But she acknowledged the challenge the Minneapolis School Board is facing of trying to fit everything under the district’s budget. She said she also talked about this with her kids – acknowledging to them that they might be in for multiple days of a strike.
“For a lot of kids, this is hard and confusing, because they have already dealt with so many disruptions in school,” said Aren Aizura of the disruptions caused by the pandemic. His daughter is a first-grader at Bancroft.
Aizura’s daughter was already scheduled to take off school to have a spring break with her other dad and was out of town on day one of the strike. If the strike continues beyond the trip, Aizura said he and her other dad will likely revert back to their remote-schooling schedule of splitting time with her over the week.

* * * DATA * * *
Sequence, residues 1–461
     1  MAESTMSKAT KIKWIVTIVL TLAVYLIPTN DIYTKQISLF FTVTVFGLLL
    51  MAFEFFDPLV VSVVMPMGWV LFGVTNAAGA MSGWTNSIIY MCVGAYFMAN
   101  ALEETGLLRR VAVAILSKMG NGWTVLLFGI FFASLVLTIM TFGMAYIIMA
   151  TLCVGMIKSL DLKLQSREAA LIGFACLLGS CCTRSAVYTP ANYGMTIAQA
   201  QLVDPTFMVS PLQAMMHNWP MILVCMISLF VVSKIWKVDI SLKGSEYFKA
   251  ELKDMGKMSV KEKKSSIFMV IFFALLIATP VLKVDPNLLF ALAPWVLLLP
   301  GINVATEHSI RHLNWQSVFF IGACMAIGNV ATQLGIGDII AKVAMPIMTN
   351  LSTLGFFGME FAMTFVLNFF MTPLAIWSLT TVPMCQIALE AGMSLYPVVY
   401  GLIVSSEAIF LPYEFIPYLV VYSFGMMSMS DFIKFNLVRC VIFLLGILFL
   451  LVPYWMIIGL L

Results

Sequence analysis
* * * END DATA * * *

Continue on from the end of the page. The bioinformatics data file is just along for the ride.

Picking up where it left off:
Aizura spent much of strike day one at the picket line where he saw many fellow parents marching with teachers, their students in tow.
“I think there is a real feeling among parents, at Bancroft, anyway, that we support teachers and we want our kids to have the resources and support they need,” said Aizura. “This strike isn’t actually just about paying teachers and support professionals, it’s about having things like a school nurse and a social worker, full time, in every school, and having mental health resources, and making schools safer.”
As for his daughter, Aizura said she was happy to miss school and read books she likes.
One of Jessie Begert’s sons feels differently.